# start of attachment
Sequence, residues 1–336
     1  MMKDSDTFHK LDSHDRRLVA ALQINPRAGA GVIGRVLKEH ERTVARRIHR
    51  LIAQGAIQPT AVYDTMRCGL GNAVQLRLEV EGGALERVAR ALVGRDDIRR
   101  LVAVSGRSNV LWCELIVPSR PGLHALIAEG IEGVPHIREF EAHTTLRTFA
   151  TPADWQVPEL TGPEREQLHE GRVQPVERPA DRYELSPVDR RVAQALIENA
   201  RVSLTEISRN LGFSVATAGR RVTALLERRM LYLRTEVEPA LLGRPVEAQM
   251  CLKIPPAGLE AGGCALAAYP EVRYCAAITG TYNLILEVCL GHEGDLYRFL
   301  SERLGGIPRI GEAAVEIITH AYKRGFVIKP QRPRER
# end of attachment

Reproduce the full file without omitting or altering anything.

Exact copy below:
Sequence, residues 1–336
     1  MMKDSDTFHK LDSHDRRLVA ALQINPRAGA GVIGRVLKEH ERTVARRIHR
    51  LIAQGAIQPT AVYDTMRCGL GNAVQLRLEV EGGALERVAR ALVGRDDIRR
   101  LVAVSGRSNV LWCELIVPSR PGLHALIAEG IEGVPHIREF EAHTTLRTFA
   151  TPADWQVPEL TGPEREQLHE GRVQPVERPA DRYELSPVDR RVAQALIENA
   201  RVSLTEISRN LGFSVATAGR RVTALLERRM LYLRTEVEPA LLGRPVEAQM
   251  CLKIPPAGLE AGGCALAAYP EVRYCAAITG TYNLILEVCL GHEGDLYRFL
   301  SERLGGIPRI GEAAVEIITH AYKRGFVIKP QRPRER